4 Surprising Reasons Why You Were Rejected for a Business Loan

Author: Kali Galdis | July 18, 2018

It’s news no business owner wants to hear: you’ve been rejected for financing. For some businesses, that means you’re stuck in limbo, with not enough capital to grow, even though opportunity is there for the taking. For others, lack of financing can mean the end of their business, livelihood, and dream.

The kicker? Many business owners never understand why they didn’t get the loan. In a survey conducted by Nav, nearly a quarter of business owners who were rejected for a loan never understood why.

With consumer financing, lenders are required to explain why an applicant was rejected or given less-than-perfect terms, along with the credit score used in the decision. With business credit, lenders may not be required to provide the reason directly, to put the reason in writing or to furnish the score and report used in the application process. To put it simply, consumer financing applicants get a “Dear John” letter, while business loan applicants could get “ghosted”. (Important note: Not all lenders are equal. Some go above and beyond to help borrowers understand why they were rejected and how to improve their application so they can re-apply.)

Here are some surprisingly common reasons your business financing application may be rejected, and what you can do before you reapply to increase your approval odds.

1. Your Industry Code Is Wrong

If you’ve never pulled your business credit report before, you may not even be aware your business has an assigned code that tells lender, vendors and creditors what industry your company falls in. Some lenders consider entire industries too high risk for lending. Examples include weapons retailers, real estate agencies and “adult” content creators. Your NAICS or SIC code could be the culprit of your rejection.

If it happens to you: Your NAICS or SIC code was likely gathered by the lender via your business credit report. If you think your NAICS/SIC code may be wrong, you can dispute the information with the commercial credit agency. Unfortunately, while you can dispute errors on your consumer credit reports for free, you will need to buy your full report from the business credit agency in order to dispute the items in question.

2. You Don’t Have a Business Credit Score

There are more than 44 different kinds of business financing out there—some require a business credit score while others rely on personal credit, revenue, time in business, or a combination of these and other factors. Business owners who know and understand their business credit scores are 41% more likely to be approved.

If it happens to you: If you’ve never checked your business credit profile, you can purchase a credit report from the three major commercial credit agencies—Experian, Dun & Bradstreet, or Equifax. Business credit agencies are not required to give free annual reports like consumer bureaus. If you have no credit profile, it’s because vendors or lenders haven’t reported any of your payment or account activity. You can call those partners and encourage them to report to the agencies, or open a tradeline or credit card with a vendor that does report.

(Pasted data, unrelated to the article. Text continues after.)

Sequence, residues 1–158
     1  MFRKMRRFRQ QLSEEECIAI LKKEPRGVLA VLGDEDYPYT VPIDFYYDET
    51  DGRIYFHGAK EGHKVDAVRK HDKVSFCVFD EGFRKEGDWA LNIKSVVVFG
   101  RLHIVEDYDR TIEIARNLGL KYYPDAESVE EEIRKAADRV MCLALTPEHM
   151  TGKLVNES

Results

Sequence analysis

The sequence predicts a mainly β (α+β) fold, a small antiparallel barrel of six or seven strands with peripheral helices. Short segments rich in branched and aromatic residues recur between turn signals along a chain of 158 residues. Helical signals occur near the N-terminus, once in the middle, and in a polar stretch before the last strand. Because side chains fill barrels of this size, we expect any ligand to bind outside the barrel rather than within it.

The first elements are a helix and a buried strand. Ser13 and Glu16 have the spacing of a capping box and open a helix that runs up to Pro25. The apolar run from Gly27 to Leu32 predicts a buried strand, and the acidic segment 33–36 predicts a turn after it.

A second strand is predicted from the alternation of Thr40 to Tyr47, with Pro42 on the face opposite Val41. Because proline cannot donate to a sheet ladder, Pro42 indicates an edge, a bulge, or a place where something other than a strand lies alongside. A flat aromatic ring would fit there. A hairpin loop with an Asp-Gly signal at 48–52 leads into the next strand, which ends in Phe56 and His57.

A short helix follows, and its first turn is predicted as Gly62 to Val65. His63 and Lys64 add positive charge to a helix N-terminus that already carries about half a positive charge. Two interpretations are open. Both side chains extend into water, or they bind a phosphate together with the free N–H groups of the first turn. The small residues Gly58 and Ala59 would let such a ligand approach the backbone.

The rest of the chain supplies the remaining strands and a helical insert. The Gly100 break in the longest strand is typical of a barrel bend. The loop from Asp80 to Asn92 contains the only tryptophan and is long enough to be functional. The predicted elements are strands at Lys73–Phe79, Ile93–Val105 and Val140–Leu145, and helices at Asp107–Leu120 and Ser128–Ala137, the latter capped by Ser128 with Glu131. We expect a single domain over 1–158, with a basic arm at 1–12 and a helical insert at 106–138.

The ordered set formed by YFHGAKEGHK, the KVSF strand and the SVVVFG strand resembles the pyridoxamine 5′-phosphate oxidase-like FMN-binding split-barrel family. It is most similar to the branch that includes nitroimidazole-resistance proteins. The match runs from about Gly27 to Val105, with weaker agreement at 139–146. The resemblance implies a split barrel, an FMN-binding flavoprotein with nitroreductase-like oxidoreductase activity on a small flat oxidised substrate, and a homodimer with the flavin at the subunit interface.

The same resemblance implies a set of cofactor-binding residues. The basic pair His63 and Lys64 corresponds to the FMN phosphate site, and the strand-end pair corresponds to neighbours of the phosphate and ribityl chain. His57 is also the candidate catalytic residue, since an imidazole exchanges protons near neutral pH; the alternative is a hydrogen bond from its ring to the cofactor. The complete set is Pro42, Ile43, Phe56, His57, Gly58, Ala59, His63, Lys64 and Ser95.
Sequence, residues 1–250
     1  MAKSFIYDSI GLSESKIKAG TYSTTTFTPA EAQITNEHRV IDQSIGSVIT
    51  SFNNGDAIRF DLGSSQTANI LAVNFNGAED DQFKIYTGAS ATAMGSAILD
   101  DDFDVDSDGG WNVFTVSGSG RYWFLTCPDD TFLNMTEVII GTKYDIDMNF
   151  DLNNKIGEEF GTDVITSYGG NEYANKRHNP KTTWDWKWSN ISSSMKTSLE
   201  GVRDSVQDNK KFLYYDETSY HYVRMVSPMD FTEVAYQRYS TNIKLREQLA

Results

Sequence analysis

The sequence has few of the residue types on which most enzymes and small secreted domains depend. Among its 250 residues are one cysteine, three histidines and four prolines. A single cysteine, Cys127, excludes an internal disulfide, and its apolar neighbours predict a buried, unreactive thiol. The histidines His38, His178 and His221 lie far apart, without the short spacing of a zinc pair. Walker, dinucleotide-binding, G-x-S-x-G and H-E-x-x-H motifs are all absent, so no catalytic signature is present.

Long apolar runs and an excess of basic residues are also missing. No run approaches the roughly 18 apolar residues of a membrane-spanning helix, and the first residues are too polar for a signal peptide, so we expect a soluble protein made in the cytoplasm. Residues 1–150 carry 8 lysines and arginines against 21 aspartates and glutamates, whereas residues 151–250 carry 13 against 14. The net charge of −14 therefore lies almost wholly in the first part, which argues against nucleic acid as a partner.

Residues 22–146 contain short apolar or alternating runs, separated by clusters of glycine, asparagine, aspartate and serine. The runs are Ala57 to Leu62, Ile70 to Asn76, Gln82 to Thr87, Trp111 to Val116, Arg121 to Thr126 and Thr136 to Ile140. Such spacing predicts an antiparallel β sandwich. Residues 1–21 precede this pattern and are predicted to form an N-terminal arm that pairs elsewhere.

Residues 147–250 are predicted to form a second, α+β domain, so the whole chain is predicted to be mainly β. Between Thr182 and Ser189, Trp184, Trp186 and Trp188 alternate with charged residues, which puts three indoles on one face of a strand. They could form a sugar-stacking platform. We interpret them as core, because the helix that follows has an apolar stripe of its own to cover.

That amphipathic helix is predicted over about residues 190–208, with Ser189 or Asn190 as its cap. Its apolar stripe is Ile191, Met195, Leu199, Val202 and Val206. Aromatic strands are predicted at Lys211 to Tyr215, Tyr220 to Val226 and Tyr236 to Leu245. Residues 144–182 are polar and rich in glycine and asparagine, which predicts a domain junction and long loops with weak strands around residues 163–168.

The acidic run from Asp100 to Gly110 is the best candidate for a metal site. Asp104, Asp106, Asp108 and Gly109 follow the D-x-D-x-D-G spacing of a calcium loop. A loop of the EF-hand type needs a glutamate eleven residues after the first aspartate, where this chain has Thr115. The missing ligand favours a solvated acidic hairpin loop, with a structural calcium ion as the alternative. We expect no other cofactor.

3. You Have Too Many UCC Filings

When you get approved for a secured business loan, the lender will often file a lien with your state’s Secretary of State to protect their investment. This doesn’t mean they are actively coming after the assets to recoup repayment, but it gives them the right to reclaim the assets if you default on the loan.

In layman’s terms—it’s like calling “dibs” on the collateral or assets so other lenders can’t go after them if you default on multiple loans.

If it happens to you: Many high-profile lenders will not lend to a business unless they are the only lender with a UCC filing on it or they’re in the “first” position. The problem can pop up from time to time when a lender on a loan that’s paid in full forgets to remove the lien filing. It’s surprisingly common and can impact a business’s credit profile for years. Unfortunately, it can take some time (6 weeks or more) to have the UCC filing removed.

4. You Don’t Have a Separate Business Bank Account

It’s such a simple part of starting a business, but many business owners don’t have a separate business checking account. A business without a separate bank account struggles to get approved. A recent Nav survey found that 70% of business owners without a business bank account had been rejected for a loan in the past two years.

Why is this such an essential for business lenders? Two reasons. First, it can be hard for a lender to judge monthly and annual revenues, cash flow and obligations from a personal checking account that contains business and personal expenses. Second, it can be the best way to judge how long a business has been in business, and “time in business” is a common underwriting factor for business loans.

If it happens to you: It’s a pretty simple solution: set one up! There are plenty of low-cost options out there and a business bank account will make your bookkeeping and taxes easier to manage as well.

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Disclaimer: Fundbox and its affiliates do not provide tax, legal, or accounting advice. This material has been prepared for informational purposes only, and is not intended to provide, and should not be relied on for, tax, legal, or accounting advice. You should consult your own tax, legal, and accounting advisors before engaging in any transaction.

Image credit: Photo by Steve Johnson on Unsplash

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